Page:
HIGH SUMMER ON A PLATE
Harbingers of the end of the growing season, these jewel-like stunners gladden the eye and perk up our palates as they fruit in pots on the terrace and growbags in the greenhouse. The tomato, pepper and the aubergine are year-round stalwarts in the supermarket, but their flavours are so particular to late summer that I try not to buy them, however seductive their colours, their blemish-free shiny symmetry and recipe potential. There is nothing so redolent of the season as the smell of home-grown, sun-ripened, misshapen tomatoes. A platter of mixed varieties with tiny plums and cherries, hearty beefsteaks, clustered vines, in carmines, scarlets, oranges and yellows, add a few ripe red peppers and shiny aubergines, and you have a perfect September still life. These treasures are not natives though, and need to be mollycoddled through the seasons to produce to their optimum. The Real Seed Catalogue (realseeds.co.uk) is run by gardeners Ben and Kate Gabel from their allotment in Wales. They concentrate on varieties that do well and taste great when grown by hand on a garden scale. They add: “Many are rare heirlooms, and because all are open pollinated, we give instructions on how to save your own seed in future. So there’s no need to buy new seed every year.” True gardening altruism. Because of our short summers, Ben and Kate suggest we grow a range of early bush tomatoes, originally from Russia and the United States, that germinate well in cold conditions, set fruit early, but are productive over a long period. They recommend Latah – fantastic flavour with balanced acid and sweetness, good raw or cooked; Legend Bush – good blight resistance with round, flavoursome fruits that will set without pollination; Grushovka – a shocking-pink plum type with excellent flavour, producing large quantities of fruit; Oregon Spring – a short bush with large round fruits; and Urbikany – an early round Siberian that is prolific and delicious raw. Bush tomatoes are easier to grow than vines because they need little staking, no pinching out and have short side shoots. These varieties are nonhybrid, so you can save your own seed. The Gabels suggest you squeeze the juice, pulp and seeds into a jar and leave to ferment for three days. The floating seeds are discarded from the fermenting mixture and the rest are rinsed in water in a sieve several times and dried on a plate. Detailed instructions are provided when you buy seeds. The Real Seed Catalogue also offers a range of early germinating peppers: mouthwatering Sweet Chocolate, Lipstick, Orange Bell, and Purple Beauty; and beautiful polished black aubergines, Ronde de Valence, Diamond and De Barbentane – all produce early delights over a long season. For my birthday lunch, I did a huge platter of mixed summer fruiting veg, some gleaned from my own slim pickings, some from the farmers’ market and some from Macknades, a local Italian food emporium. We grilled long red peppers and round aubergines with a little olive oil and salt on the fire bowl, then arranged them on a huge glass plate. I sliced fat red ribbed Costoluto Genovese tomatoes, halved tiny red and yellow cherries, and quartered purple plums and scattered them over the dish, then added a good mild crumbled feta cheese. Taking a couple of tablespoons of pesto, I slackened the mixture with olive oil and lemon juice and drizzled it over the platter, adding basil leaves from the garden. High summer on a plate. TOMATO TIPS Keep tomatoes out of the fridge. Under-ripe tomatoes will ripen in a brown paper bag in the fruit bowl. Sow seed by end of March on the surface of seed compost in a 9cm (3.5in) pot. Cover with vermiculite. Keep at 21C (70F) in a germinator or airing cupboard. Transfer plants to a heated greenhouse (18C/65F) or sunny windowsill. As the first flowers appear, pot on or plant in the greenhouse. In recent trials, Monty Don found that tomatoes grown in the ground produced better flavour than in pots or growbags. Pinch out growing tips now, so all the plants’ energy goes into flowers and fruit. Tomatoes are packed with vitamins, lycopene and antioxidants, lowering cholesterol and maintaining bone health. Pre-order your 2014 catalogue from realseeds.co.uk now for delivery in November.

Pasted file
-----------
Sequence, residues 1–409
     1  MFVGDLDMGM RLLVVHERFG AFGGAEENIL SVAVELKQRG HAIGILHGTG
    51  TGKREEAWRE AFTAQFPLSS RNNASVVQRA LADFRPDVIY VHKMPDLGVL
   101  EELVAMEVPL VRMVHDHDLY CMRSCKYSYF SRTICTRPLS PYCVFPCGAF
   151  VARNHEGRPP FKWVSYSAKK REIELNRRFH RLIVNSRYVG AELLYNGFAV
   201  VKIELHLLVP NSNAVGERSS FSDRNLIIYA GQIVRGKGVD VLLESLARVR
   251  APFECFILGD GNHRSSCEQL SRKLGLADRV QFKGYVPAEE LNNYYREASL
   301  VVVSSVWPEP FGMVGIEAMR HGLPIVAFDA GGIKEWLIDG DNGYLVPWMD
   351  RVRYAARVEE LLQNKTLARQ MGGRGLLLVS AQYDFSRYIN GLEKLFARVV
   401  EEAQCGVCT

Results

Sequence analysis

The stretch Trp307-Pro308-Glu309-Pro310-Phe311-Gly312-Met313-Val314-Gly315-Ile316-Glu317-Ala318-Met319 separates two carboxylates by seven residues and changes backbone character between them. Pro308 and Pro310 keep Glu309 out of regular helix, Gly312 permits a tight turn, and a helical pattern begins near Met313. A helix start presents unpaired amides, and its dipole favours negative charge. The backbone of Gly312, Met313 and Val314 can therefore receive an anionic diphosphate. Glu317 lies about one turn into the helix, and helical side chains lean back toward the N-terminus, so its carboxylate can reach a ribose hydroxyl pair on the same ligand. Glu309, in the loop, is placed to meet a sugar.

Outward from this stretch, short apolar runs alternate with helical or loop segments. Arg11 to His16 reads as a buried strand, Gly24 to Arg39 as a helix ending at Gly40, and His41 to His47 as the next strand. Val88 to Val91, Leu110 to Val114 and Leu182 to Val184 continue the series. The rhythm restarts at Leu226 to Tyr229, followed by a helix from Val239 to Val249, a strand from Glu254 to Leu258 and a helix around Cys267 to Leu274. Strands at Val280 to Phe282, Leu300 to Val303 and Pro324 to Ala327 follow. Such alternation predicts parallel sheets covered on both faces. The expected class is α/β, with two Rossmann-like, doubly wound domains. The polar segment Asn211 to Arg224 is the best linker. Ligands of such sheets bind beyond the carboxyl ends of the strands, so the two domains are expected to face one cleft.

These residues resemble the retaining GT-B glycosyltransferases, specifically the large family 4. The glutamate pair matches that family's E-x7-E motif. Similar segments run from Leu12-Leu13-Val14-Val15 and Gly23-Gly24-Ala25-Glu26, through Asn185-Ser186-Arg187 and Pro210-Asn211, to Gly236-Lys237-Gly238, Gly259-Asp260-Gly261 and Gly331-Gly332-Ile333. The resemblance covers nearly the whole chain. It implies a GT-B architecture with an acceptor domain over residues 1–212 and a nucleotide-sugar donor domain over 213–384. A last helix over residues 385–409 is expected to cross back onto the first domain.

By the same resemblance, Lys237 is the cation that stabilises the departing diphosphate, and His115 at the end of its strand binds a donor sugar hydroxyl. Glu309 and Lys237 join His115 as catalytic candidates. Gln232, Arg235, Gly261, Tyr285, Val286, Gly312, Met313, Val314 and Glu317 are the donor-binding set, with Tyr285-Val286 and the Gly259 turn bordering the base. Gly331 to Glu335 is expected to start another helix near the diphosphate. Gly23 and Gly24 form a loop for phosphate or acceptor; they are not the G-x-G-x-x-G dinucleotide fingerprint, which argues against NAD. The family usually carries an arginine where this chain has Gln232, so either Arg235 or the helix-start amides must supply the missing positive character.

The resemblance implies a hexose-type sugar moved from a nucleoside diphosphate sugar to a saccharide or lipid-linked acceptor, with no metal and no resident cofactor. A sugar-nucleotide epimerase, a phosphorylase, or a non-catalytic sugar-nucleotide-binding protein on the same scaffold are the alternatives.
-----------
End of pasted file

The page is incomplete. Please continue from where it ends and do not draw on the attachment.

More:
Take your pick: unusual tomato varieties make for a perfect ‘still life’ platter